Graphical abstract

Open AccessArticle
Pinocembrin Protects from AGE-Induced Cytotoxicity and Inhibits Non-Enzymatic Glycation in Human Insulin
Cells 2019, 8(5), 385; https://doi.org/10.3390/cells8050385 - 26 Apr 2019
Cited by 2
Abstract
Advanced glycation end products (AGEs) are the end products of the glycation reaction and have a great importance in clinical science for their association with oxidative stress and inflammation, which play a major role in most chronic diseases, such as cardiovascular disease, neurodegenerative [...] Read more.
Advanced glycation end products (AGEs) are the end products of the glycation reaction and have a great importance in clinical science for their association with oxidative stress and inflammation, which play a major role in most chronic diseases, such as cardiovascular disease, neurodegenerative diseases, and diabetes. Their pathogenic effects are generally induced by the interaction between AGEs and the receptor for advanced glycation end product (RAGE) on the cell surface, which triggers reactive oxygen species production, nuclear factor kB (NF-kB) activation, and inflammation. Pinocembrin, the most abundant flavonoid in propolis, has been recently proven to interfere with RAGE activation in Aβ–RAGE-induced toxicity. In the present study, we investigated the ability of pinocembrin to interfere with RAGE signaling pathways activated by AGEs. Interestingly, pinocembrin was able to inhibit oxidative stress and NF-kB activation in cells exposed to AGEs. In addition, it was able to block caspase 3/7 and 9 activation, thus suggesting an active role of this molecule in counteracting AGE–RAGE-induced toxicity mediated by NF-kB signaling pathways. The ability of pinocembrin to affect the glycation reaction has been also tested. Our data suggest that pinocembrin might be a promising molecule in protecting from AGE-mediated pathogenesis. Full article
(This article belongs to the Special Issue Glycation and Dicarbonyl Stress in Aging and Disease)
Show Figures

Figure 1

Open AccessArticle
Antiglycative Activity and RAGE Expression in Rett Syndrome
Cells 2019, 8(2), 161; https://doi.org/10.3390/cells8020161 - 15 Feb 2019
Cited by 1
Abstract
Rett syndrome (RTT) is a human neurodevelopmental disorder, whose pathogenesis has been linked to both oxidative stress and subclinical inflammatory status (OxInflammation). Methylglyoxal (MG), a glycolytic by-product with cytotoxic and pro-oxidant power, is the major precursor in vivo of advanced glycation end products [...] Read more.
Rett syndrome (RTT) is a human neurodevelopmental disorder, whose pathogenesis has been linked to both oxidative stress and subclinical inflammatory status (OxInflammation). Methylglyoxal (MG), a glycolytic by-product with cytotoxic and pro-oxidant power, is the major precursor in vivo of advanced glycation end products (AGEs), which are known to exert their detrimental effect via receptor- (e.g., RAGE) or non-receptor-mediated mechanisms in several neurological diseases. On this basis, we aimed to compare fibroblasts from healthy subjects (CTR) with fibroblasts from RTT patients (N = 6 per group), by evaluating gene/protein expression patterns, and enzymatic activities of glyoxalases (GLOs), along with the levels of MG-dependent damage in both basal and MG-challenged conditions. Our results revealed that RTT is linked to an alteration of the GLOs system (specifically, increased GLO2 activity), that ensures unchanged MG-dependent damage levels. However, RTT cells underwent more pronounced cell death upon exogenous MG-treatment, as compared to CTR, and displayed lower RAGE levels than CTR, with no alterations following MG-treatment, thus suggesting that an adaptive response to dicarbonyl stress may occur. In conclusion, besides OxInflammation, RTT is associated with reshaping of the major defense systems against dicarbonyl stress, along with an altered cellular stress response towards pro-glycating insults. Full article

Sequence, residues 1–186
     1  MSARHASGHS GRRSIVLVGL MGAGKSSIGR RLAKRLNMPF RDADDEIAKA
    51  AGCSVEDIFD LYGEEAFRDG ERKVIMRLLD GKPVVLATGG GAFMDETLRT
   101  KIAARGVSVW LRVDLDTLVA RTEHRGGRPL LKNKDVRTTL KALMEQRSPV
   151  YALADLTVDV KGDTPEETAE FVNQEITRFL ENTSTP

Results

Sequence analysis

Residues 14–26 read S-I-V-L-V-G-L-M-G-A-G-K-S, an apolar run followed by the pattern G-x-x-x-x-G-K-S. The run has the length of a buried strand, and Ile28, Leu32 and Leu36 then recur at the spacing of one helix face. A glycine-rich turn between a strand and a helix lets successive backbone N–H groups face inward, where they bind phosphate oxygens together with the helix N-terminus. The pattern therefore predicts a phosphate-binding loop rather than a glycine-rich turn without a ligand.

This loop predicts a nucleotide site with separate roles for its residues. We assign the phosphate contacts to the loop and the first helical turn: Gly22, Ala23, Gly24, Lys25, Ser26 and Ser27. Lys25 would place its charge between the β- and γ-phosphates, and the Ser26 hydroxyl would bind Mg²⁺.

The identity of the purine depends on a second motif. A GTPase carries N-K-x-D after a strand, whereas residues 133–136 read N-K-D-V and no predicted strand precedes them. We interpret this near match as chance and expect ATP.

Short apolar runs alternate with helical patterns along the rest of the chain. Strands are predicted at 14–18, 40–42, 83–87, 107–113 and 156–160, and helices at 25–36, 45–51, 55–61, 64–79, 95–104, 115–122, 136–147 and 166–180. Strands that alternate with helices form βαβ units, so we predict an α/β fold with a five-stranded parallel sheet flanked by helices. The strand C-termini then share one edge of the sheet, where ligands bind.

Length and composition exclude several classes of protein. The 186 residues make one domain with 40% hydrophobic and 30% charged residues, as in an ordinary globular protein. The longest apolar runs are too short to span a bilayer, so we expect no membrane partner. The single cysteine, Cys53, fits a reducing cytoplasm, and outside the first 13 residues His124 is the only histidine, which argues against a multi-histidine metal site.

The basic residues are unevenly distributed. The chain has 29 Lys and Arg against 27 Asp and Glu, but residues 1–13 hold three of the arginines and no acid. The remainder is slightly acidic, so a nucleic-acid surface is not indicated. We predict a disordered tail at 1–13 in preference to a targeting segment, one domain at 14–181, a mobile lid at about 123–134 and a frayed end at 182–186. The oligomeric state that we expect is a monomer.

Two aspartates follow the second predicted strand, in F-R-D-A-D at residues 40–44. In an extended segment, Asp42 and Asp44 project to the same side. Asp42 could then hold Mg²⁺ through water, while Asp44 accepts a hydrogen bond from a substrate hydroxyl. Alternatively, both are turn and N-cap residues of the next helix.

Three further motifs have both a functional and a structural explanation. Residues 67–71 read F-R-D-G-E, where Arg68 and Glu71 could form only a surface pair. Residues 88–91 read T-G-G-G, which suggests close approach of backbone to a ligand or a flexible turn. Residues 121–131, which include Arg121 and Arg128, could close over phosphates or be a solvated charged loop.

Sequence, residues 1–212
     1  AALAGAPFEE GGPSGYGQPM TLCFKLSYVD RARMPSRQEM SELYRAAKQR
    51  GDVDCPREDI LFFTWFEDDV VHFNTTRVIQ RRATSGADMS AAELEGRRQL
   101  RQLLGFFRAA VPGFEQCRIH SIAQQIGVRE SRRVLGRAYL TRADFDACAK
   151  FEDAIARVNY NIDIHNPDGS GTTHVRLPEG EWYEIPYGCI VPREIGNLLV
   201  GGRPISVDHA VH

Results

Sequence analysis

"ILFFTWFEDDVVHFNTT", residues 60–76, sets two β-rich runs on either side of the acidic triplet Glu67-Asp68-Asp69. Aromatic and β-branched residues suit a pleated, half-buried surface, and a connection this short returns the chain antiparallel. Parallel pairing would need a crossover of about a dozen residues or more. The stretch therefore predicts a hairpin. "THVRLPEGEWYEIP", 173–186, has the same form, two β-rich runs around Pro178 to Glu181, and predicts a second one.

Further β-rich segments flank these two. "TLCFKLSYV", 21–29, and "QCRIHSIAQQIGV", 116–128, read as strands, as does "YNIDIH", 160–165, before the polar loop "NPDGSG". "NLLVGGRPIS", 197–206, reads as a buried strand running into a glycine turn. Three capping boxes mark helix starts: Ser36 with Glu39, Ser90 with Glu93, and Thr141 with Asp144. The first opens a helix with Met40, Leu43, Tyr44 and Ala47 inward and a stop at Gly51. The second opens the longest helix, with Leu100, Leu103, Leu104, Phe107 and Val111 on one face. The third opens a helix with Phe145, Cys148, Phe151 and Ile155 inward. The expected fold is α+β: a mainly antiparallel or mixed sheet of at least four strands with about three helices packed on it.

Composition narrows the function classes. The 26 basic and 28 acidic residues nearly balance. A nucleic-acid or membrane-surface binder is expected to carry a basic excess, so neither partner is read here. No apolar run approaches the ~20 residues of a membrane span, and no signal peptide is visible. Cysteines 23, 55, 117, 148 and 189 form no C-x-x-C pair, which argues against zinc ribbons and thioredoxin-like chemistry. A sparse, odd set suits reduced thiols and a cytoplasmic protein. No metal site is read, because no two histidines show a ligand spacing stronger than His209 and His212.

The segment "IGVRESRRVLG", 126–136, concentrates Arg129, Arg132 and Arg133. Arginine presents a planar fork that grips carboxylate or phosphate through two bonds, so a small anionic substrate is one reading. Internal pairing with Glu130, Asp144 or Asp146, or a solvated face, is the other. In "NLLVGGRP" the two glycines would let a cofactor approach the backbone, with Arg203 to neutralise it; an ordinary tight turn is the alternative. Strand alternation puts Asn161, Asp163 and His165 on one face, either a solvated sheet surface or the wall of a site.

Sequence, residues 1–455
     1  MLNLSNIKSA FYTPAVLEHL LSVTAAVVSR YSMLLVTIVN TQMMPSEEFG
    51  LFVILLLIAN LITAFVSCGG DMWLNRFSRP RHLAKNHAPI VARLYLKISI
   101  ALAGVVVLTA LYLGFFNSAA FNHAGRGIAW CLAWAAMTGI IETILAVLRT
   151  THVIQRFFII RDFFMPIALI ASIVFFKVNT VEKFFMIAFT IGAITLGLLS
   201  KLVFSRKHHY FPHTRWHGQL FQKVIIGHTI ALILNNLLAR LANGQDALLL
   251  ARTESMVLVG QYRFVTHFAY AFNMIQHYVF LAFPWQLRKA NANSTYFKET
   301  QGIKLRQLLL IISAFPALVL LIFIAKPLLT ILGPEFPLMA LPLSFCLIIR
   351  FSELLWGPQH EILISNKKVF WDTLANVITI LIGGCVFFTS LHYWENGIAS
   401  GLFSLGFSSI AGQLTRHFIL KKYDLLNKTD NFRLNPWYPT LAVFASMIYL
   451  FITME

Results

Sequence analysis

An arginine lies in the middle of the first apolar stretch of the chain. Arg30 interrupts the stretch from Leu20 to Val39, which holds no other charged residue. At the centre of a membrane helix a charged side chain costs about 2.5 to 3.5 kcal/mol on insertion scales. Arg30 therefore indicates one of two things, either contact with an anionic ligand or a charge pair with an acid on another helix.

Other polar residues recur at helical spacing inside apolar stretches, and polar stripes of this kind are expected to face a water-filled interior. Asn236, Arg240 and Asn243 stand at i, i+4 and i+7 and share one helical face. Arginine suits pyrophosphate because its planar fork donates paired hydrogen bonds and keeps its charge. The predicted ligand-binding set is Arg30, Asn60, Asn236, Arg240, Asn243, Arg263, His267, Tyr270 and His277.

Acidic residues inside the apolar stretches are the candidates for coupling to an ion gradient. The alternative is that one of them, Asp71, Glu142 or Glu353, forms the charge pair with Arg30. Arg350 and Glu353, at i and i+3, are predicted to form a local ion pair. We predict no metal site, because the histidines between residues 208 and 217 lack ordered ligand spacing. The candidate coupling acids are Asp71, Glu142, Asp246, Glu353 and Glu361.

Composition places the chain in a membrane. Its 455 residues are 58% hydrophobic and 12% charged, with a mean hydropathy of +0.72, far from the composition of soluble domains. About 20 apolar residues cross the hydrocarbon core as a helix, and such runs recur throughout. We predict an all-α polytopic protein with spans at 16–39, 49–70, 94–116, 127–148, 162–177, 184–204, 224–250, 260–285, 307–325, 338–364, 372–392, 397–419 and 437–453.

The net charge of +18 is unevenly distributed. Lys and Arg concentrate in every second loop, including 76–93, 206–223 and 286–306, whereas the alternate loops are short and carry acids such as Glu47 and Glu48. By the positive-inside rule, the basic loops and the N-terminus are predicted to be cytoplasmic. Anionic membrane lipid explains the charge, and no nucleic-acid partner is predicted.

(This article belongs to the Special Issue Glycation and Dicarbonyl Stress in Aging and Disease)
Show Figures

Figure 1

Review

Jump to: Research

Open AccessReview
Dicarbonyl Stress at the Crossroads of Healthy and Unhealthy Aging
Cells 2019, 8(7), 749; https://doi.org/10.3390/cells8070749 - 19 Jul 2019
Cited by 3
Abstract
Dicarbonyl stress occurs when dicarbonyl metabolites (i.e., methylglyoxal, glyoxal and 3-deoxyglucosone) accumulate as a consequence of their increased production and/or decreased detoxification. This toxic condition has been associated with metabolic and age-related diseases, both of which are characterized by a pro-inflammatory and pro-oxidant [...] Read more.
Dicarbonyl stress occurs when dicarbonyl metabolites (i.e., methylglyoxal, glyoxal and 3-deoxyglucosone) accumulate as a consequence of their increased production and/or decreased detoxification. This toxic condition has been associated with metabolic and age-related diseases, both of which are characterized by a pro-inflammatory and pro-oxidant state. Methylglyoxal (MGO) is the most reactive dicarbonyl and the one with the highest endogenous flux. It is the precursor of the major quantitative advanced glycated products (AGEs) in physiological systems, arginine-derived hydroimidazolones, which accumulate in aging and dysfunctional tissues. The aging process is characterized by a decline in the functional properties of cells, tissues and whole organs, starting from the perturbation of crucial cellular processes, including mitochondrial function, proteostasis and stress-scavenging systems. Increasing studies are corroborating the causal relationship between MGO-derived AGEs and age-related tissue dysfunction, unveiling a previously underestimated role of dicarbonyl stress in determining healthy or unhealthy aging. This review summarizes the latest evidence supporting a causal role of dicarbonyl stress in age-related diseases, including diabetes mellitus, cardiovascular disease and neurodegeneration. Full article
(This article belongs to the Special Issue Glycation and Dicarbonyl Stress in Aging and Disease)
Show Figures

Graphical abstract

Back to TopTop